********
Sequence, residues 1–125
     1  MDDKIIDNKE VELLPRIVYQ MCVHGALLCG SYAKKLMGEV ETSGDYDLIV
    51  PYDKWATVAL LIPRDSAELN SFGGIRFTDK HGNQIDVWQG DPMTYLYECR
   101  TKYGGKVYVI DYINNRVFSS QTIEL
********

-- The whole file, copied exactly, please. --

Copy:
Sequence, residues 1–125
     1  MDDKIIDNKE VELLPRIVYQ MCVHGALLCG SYAKKLMGEV ETSGDYDLIV
    51  PYDKWATVAL LIPRDSAELN SFGGIRFTDK HGNQIDVWQG DPMTYLYECR
   101  TKYGGKVYVI DYINNRVFSS QTIEL